Re: X-headers

John C Klensin <> Sun, 06 April 2008 15:57 UTC

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Date: Sun, 06 Apr 2008 11:58:00 -0400
From: John C Klensin <>
To: Dave Aronson <>,
Subject: Re: X-headers
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--On Sunday, 06 April, 2008 11:40 -0400 Dave Aronson
<> wrote:

> Some (though admittedly not all) of the problem could be
> mitigated if software authors were encouraged (not forced!) to
> have their programs:
>   1) accept new X-headers both with and without the X-, and
>   2) be configurable to send either, defaulting to "with".
> If a given header gets approved, and registered without the
> X-, the software need not be changed and redeployed, or even
> reconfigured, to *accept* the new version.  Having it *send*
> the new version, would be a matter of configuration, hopefully
> simple.
> As new versions of the software are written, support for the
> X-version could even be removed, preferably after some
> agreeable fairly long amount of time.  (A "deprecated"
> registry would certainly help there. That could be cluttered
> if ALL abandoned X-headers are listed, but it could be
> restricted to those that have been deprecated in favor of
> things that became official.)
> The main problem I see is site admins too far behind the times
> to bother flipping the switch to send without an X-, nor
> upgrade to versions that don't support sending the X-.  Their
> users may send to sites that have upgraded to versions that no
> longer accept the X- version.  In this case, the header will
> not be recognized.
> One could take at least approaches here.  First, one could
> simply say "X-headers are experimental, not to be relied upon,
> so who cares, tough luck, if it's that important to you, get
> your admin to flip the switch."   Second, it could be
> mitigated by simply having the software continue to accept the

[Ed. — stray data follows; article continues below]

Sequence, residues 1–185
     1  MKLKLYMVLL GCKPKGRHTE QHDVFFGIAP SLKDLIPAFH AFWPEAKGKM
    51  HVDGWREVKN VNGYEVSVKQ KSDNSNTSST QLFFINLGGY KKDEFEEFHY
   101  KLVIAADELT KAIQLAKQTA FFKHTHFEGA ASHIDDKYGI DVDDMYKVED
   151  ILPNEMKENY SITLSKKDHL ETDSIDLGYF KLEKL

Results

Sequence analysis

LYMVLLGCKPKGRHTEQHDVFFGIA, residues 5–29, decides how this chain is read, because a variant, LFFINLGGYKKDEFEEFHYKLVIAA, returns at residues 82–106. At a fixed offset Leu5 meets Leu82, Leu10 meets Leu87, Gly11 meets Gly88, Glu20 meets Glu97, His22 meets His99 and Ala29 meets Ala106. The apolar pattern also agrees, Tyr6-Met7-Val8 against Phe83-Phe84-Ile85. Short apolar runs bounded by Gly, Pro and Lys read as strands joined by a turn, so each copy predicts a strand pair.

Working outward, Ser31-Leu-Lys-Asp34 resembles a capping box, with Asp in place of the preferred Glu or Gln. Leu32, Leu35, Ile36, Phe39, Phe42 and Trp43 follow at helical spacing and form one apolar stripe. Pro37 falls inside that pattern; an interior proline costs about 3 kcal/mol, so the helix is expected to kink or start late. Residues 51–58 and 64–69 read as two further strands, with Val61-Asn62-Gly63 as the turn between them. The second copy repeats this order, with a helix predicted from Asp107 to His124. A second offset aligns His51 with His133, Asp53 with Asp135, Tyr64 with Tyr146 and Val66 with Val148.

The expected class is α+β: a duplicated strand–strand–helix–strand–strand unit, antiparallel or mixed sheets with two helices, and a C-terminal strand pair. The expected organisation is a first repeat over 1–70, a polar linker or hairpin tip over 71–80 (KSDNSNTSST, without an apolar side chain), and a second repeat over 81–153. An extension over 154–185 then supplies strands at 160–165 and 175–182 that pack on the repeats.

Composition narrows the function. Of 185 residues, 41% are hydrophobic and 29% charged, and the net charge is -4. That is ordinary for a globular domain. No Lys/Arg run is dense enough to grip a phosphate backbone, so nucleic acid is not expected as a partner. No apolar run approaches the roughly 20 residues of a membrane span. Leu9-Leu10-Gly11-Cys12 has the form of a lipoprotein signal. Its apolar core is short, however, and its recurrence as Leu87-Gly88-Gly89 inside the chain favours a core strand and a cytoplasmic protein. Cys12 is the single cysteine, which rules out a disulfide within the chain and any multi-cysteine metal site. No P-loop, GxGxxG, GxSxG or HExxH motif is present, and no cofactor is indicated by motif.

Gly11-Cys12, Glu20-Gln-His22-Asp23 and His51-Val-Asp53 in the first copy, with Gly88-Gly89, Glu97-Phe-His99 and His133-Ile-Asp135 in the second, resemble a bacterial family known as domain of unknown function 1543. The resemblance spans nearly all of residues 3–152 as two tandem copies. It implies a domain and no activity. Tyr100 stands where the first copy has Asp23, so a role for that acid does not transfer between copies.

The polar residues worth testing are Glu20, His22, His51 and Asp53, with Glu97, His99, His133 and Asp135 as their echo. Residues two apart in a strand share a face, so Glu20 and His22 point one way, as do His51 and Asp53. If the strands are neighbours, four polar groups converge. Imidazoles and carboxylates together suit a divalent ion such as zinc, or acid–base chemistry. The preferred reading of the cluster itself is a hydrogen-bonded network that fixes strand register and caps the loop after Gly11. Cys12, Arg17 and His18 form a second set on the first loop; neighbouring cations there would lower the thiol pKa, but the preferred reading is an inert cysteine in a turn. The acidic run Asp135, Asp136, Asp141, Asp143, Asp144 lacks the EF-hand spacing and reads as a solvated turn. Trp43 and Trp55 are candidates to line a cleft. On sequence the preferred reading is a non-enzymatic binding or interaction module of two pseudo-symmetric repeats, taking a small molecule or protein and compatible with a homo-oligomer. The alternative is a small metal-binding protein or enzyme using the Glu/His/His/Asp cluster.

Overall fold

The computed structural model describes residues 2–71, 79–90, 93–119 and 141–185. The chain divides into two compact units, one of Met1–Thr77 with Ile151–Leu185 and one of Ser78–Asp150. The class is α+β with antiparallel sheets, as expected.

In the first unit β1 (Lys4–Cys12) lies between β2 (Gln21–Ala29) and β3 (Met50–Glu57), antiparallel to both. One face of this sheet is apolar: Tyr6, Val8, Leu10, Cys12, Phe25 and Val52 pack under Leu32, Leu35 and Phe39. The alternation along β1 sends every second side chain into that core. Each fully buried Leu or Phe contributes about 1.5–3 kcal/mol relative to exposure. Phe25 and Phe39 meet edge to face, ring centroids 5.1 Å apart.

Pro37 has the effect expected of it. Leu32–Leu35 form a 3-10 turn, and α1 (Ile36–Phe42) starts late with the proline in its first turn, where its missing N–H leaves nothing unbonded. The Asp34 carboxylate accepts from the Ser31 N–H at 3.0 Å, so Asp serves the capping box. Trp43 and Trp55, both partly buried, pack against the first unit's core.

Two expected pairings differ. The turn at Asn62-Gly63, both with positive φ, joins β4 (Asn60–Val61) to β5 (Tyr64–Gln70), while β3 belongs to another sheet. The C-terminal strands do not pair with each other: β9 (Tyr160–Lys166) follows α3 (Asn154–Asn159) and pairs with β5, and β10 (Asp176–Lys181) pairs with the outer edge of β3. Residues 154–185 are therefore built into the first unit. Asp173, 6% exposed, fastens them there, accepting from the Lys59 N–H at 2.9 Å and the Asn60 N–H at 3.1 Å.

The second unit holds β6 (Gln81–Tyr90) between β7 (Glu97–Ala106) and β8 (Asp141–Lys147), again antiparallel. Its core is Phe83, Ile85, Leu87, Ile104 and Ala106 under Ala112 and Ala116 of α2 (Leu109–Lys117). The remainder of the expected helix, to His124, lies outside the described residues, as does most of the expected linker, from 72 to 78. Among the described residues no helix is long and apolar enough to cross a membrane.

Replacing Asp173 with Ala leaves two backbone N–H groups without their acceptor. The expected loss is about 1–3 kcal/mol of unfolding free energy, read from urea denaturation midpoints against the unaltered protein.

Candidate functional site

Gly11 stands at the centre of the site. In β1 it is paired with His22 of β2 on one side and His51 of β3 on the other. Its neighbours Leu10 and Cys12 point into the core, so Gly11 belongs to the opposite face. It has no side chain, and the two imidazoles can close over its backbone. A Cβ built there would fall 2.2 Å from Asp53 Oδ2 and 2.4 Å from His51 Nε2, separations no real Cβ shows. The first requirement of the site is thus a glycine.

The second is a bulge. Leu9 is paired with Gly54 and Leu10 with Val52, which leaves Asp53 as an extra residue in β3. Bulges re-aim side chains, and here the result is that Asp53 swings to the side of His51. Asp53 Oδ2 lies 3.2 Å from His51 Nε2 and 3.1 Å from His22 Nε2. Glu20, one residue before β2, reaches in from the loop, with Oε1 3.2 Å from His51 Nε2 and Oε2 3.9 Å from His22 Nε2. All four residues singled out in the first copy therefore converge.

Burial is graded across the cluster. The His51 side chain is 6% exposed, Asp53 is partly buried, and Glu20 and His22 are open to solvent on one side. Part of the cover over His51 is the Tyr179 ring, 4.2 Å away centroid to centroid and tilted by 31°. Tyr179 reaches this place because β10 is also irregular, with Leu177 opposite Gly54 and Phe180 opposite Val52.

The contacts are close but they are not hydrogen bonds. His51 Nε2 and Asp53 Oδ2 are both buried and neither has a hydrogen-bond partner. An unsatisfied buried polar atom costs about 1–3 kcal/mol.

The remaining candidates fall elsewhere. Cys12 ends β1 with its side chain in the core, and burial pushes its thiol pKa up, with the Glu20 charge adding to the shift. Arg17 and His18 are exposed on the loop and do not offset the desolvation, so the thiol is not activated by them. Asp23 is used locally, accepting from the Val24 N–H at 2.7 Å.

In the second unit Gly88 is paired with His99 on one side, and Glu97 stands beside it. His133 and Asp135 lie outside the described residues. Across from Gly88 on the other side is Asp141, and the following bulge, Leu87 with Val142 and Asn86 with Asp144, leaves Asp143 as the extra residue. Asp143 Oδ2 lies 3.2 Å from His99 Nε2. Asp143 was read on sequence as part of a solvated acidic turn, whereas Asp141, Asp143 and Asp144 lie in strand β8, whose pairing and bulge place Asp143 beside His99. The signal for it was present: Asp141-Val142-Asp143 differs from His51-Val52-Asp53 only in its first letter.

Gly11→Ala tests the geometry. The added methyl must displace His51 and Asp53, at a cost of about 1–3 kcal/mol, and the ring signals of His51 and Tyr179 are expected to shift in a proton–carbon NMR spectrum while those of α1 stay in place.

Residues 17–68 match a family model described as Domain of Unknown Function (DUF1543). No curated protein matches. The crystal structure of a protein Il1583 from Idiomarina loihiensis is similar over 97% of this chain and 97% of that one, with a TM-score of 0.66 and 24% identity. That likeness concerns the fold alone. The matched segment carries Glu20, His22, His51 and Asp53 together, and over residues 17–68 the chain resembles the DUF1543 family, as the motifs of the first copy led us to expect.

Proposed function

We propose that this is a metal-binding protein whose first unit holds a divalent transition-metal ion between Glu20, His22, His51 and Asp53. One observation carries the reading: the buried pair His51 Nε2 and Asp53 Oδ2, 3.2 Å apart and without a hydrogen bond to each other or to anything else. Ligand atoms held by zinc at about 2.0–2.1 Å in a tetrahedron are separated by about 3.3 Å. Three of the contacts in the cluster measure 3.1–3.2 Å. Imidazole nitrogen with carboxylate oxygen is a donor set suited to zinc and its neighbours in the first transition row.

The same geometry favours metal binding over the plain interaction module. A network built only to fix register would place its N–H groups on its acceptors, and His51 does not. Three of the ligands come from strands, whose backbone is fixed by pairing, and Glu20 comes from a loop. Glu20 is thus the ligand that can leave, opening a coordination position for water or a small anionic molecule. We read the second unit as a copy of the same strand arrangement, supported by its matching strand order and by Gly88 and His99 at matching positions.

> X- version, rather than deliberately removing X- support.
> Your thoughts?

Interesting, probably impractical, almost certainly irrelevant
to the text that goes into 2822bis because this would constitute
a new processing requirement (although one might get it through
by insisting that it is just a clarifying suggestion).  The
problem of how to turn "experimental" command verbs, header
lines, etc., has been with us for a very long time.  We have
never figured out how to get it right.  The discussion in RFC
1123 Section about something that the authors though had
been fixed in RFC 959 (four years earlier) is a symptom of the
problem, but by no means the earliest case.

My belief that your idea is impractical is reinforced by the
knowledge that many "firewall" SMTP implementations will simply
remove any X- header and any other header that they do not
recognize on the assumption that it is either private-use and
hence doesn't belong there or that it is a potential vector for
attack or hidden information disclosure.

In my view, RFC 2822 adopted an innovative solution to the
problem, which was to abolish all distinctions and pretend that
there was no history that would lead software to assumptions
about anything that started in an "X-".   My view (I think
consistent with Brian's) is that the 2822 approach has
demonstrably failed and therefore that, for the private-use
cases as least, we need to move the text toward a clear
restatement of the intent of the 822 text. 


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